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Phage Φ29: Membrane-associated DNA Replication and Mechanism of Alternative Infection Strategy

AutorMeijer, Wilfried J. J. ; Muñoz-Espín, D. ; Castilla, Virginia ; Salas, Margarita
Palabras claveDNA replication
Transcription regulation
Bacillus Subtilis
Phage phi29
Fecha de publicación2007
EditorCaister Academic Press
CitaciónHow to order Books Microbiology Books Bacteriology Books Virology Books Molecular Biology Books PCR Books Genomics Books Epigenetics Books Bioinformatics Books Environmental Books Medical Books Probiotics Books Mycology Books Parasitology Books Regulatory Networks Books New and Forthcoming 2012 2011 2010 Authors' page Editors' page Featured books: rhabdoviruses hgt microbialecology twocomponentsystems current microbiology books Bacteriophage: Genetics and Molecular Biology: 273-305 (2007)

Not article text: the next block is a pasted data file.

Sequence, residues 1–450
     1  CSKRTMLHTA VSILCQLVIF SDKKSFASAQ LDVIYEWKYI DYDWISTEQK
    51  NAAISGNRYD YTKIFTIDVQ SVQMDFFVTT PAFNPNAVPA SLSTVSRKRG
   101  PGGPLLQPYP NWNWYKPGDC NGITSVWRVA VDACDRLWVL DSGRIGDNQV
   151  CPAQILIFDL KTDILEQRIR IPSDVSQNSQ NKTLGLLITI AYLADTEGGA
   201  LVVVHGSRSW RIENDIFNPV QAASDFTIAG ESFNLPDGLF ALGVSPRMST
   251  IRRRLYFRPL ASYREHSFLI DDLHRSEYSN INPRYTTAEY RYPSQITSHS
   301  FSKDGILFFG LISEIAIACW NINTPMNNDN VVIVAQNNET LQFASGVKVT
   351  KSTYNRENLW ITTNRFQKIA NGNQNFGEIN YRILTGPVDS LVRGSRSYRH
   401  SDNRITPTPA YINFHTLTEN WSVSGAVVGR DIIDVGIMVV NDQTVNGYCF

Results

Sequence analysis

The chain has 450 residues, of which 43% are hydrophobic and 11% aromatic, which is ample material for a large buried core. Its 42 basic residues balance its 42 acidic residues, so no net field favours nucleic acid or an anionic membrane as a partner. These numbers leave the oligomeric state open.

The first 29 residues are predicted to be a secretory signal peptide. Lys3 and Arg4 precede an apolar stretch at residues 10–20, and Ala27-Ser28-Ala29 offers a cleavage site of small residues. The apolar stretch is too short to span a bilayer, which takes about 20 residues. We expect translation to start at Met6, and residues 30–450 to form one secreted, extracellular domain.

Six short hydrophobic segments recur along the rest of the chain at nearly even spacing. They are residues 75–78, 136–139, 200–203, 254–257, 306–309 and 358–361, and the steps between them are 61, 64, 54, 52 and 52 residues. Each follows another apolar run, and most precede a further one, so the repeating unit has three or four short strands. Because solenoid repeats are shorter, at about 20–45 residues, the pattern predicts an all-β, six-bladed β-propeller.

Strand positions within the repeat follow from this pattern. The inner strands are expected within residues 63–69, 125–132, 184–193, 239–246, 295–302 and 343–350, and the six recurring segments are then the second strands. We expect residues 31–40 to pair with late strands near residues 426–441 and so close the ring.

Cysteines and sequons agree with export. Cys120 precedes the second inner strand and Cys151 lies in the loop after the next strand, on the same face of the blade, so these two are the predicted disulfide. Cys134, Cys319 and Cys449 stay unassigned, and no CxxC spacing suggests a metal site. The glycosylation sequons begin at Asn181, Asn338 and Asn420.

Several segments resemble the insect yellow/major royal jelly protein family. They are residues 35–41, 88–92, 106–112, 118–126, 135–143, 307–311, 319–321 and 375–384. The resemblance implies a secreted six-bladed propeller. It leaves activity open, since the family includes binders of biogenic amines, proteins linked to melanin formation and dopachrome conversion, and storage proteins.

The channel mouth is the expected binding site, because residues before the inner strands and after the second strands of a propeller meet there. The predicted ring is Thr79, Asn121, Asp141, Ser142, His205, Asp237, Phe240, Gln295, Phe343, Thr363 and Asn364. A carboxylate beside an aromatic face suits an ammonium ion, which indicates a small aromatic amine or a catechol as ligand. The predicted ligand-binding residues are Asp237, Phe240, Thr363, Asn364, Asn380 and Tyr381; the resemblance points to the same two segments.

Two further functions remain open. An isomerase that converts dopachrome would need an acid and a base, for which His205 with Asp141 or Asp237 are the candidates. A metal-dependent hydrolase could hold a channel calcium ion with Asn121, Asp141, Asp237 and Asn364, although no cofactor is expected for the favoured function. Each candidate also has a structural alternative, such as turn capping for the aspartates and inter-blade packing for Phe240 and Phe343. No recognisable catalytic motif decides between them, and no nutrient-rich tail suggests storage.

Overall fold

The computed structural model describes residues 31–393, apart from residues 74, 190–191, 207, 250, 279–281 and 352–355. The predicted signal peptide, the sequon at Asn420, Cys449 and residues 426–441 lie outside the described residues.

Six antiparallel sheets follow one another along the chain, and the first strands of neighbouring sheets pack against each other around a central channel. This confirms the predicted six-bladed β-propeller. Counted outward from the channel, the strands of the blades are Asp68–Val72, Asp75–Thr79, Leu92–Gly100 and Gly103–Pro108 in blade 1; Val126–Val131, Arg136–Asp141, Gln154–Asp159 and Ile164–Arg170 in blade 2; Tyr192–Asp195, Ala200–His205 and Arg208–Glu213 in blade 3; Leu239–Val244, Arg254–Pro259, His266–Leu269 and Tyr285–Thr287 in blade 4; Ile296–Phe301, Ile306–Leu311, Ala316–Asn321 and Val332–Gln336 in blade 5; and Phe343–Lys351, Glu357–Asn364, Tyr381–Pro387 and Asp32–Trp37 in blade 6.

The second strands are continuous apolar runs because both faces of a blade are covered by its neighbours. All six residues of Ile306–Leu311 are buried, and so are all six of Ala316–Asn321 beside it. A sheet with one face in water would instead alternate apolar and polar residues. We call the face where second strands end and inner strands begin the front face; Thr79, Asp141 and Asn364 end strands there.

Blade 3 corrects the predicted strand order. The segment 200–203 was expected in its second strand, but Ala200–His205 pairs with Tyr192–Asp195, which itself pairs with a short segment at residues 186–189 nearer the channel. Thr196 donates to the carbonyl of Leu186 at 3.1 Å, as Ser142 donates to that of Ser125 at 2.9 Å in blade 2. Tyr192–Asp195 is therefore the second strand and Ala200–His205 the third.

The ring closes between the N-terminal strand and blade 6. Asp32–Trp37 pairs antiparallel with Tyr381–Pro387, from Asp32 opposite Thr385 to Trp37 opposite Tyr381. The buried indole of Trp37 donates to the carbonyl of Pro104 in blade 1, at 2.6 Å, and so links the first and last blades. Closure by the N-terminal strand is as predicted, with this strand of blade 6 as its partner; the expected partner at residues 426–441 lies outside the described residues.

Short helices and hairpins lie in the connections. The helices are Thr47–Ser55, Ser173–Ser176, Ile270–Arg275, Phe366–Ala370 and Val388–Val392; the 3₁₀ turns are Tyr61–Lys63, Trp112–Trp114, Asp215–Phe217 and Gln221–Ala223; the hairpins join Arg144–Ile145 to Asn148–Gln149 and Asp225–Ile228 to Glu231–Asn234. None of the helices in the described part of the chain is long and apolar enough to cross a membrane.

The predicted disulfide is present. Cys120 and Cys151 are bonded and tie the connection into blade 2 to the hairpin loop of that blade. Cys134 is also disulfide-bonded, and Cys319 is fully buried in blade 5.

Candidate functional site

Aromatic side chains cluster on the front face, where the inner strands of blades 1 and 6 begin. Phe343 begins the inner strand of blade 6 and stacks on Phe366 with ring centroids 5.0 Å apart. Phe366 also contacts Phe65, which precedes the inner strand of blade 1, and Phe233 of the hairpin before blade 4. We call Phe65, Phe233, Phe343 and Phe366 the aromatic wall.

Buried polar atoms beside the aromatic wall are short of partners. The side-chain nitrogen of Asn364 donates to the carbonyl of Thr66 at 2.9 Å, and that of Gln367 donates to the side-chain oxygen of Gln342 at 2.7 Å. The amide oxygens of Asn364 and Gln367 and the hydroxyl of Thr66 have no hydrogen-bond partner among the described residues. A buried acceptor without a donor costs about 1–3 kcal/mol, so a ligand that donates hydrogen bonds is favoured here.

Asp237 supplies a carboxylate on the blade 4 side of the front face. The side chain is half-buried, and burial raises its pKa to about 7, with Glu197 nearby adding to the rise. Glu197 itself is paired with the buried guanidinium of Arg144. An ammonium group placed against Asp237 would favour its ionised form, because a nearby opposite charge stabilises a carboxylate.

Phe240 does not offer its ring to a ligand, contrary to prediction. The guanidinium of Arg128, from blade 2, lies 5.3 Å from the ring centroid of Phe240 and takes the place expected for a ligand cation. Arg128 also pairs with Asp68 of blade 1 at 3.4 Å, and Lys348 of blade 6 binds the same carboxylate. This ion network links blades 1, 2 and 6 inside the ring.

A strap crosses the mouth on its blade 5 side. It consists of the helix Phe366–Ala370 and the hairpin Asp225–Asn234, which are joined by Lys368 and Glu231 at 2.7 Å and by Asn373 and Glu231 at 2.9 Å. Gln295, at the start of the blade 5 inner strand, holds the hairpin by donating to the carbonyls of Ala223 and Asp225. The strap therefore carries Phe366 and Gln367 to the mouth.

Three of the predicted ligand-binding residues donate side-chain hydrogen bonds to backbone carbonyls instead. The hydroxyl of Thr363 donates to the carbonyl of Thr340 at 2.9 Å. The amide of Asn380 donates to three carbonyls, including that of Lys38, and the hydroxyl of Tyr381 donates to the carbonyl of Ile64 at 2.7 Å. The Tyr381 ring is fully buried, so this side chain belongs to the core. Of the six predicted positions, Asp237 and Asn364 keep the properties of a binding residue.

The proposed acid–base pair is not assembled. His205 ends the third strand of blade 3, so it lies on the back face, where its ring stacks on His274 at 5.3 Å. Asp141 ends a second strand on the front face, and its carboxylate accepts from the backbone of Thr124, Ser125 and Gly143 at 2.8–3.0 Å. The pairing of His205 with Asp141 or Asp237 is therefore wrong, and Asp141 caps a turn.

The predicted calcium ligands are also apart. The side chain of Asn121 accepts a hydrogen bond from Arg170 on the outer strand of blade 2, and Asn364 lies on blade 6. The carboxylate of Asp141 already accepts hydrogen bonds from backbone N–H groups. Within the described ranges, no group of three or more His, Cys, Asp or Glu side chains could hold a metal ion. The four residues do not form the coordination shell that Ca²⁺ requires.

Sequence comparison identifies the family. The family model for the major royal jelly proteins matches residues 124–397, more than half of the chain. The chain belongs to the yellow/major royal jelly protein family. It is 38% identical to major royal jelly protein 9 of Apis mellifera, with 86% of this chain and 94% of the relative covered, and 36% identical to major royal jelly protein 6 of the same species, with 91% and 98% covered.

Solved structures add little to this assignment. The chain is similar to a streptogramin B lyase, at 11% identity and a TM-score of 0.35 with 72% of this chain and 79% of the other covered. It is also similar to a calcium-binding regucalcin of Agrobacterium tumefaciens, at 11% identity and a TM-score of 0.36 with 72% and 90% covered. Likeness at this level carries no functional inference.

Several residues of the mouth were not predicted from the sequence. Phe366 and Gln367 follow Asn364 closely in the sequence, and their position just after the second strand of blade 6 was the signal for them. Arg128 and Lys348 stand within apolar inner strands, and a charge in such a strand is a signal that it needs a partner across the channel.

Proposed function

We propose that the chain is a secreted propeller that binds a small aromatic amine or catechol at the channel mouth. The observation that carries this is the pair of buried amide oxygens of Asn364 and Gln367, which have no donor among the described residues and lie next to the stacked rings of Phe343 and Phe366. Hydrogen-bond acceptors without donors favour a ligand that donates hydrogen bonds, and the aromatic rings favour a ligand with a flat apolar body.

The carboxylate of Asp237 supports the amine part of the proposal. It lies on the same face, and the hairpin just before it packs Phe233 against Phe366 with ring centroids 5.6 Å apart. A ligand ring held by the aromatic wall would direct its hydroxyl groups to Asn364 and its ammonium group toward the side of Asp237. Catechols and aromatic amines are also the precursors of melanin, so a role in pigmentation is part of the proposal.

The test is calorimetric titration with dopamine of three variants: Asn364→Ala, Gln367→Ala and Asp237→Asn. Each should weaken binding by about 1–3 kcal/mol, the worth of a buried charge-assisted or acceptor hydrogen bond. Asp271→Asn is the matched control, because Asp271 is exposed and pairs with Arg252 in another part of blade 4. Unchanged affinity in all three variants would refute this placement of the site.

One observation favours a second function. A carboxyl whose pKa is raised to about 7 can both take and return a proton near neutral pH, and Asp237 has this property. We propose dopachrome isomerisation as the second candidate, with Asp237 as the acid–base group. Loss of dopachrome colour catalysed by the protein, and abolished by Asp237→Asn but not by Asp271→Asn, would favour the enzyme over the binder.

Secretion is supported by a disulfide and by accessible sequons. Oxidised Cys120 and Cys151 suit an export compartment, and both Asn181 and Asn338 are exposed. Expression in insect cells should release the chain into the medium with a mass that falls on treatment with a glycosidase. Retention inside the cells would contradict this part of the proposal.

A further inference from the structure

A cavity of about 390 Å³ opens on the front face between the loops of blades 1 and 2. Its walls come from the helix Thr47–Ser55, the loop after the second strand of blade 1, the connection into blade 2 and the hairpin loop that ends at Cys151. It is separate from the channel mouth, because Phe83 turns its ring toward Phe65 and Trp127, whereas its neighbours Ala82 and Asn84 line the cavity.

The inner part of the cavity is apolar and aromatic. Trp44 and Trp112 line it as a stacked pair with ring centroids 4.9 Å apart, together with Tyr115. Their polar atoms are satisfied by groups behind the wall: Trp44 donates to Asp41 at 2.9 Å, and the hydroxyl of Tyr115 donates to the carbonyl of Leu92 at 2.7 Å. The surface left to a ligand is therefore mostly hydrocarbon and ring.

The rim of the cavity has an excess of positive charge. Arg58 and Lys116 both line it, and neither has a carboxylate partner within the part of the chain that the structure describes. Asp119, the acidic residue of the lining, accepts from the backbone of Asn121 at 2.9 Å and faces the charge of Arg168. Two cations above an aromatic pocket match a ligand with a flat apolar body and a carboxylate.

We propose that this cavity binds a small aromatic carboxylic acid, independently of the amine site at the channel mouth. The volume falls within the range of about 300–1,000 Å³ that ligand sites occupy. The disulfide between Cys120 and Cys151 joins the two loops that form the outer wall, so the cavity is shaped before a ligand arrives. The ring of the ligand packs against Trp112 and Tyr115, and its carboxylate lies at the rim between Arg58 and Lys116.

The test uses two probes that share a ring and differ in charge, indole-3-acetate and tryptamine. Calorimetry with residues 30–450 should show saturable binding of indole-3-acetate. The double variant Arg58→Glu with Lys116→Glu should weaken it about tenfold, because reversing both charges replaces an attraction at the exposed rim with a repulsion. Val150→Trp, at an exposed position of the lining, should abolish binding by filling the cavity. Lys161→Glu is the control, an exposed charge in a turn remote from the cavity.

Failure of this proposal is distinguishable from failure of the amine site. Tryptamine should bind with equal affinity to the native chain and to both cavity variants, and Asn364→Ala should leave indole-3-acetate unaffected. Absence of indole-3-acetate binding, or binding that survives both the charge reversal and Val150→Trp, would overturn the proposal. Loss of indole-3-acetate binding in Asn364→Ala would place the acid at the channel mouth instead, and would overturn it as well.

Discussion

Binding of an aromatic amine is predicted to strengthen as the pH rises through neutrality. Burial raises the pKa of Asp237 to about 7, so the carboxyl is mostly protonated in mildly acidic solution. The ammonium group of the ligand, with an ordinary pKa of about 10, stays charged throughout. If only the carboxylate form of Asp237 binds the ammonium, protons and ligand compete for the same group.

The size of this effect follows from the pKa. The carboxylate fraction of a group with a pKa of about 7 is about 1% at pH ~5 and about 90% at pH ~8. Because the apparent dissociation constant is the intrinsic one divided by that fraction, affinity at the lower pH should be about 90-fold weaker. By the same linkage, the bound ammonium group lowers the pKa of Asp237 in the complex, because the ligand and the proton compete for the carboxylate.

ResumenContinuous research, spanning a period of more than three decades, has made the Bacillus bacteriophage Φ29 a paradigm for the study of several molecular mechanisms of general biological processes, including DNA replication and regulation of transcription. The genome of Φ29 consists of a linear double-stranded (ds) DNA, which has a terminal protein covalently linked to its 5' ends. Initiation of DNA replication, carried out by a protein-primed mechanism, has been studied in detail in vitro and is considered to be a model system that is also used by other linear genomes with a terminal protein linked to their DNA ends. Phage Φ29 has also been proven to be a versatile system to study in vitro transcription regulation in general and the switch from early to late phage transcription in particular. The detailed knowledge of in vitro phage Φ29 DNA replication and transcription regulation makes it an attractive model to study these processes in vivo. For many years it has been known that (i) phage Φ29 DNA replication, as well as that of other prokaryotic genomes, occurs at the cytosolic membrane, and (ii) the lytic Φ29 cycle is suppressed in early sporulating cells and under these conditions the infecting phage genome becomes trapped into the spore. The molecular mechanisms involved in these processes were largely unknown. We review here the advances recently obtained in our understanding of membrane-associated organization of Φ29 DNA replication and the mechanisms underlying the alternative infection strategy.
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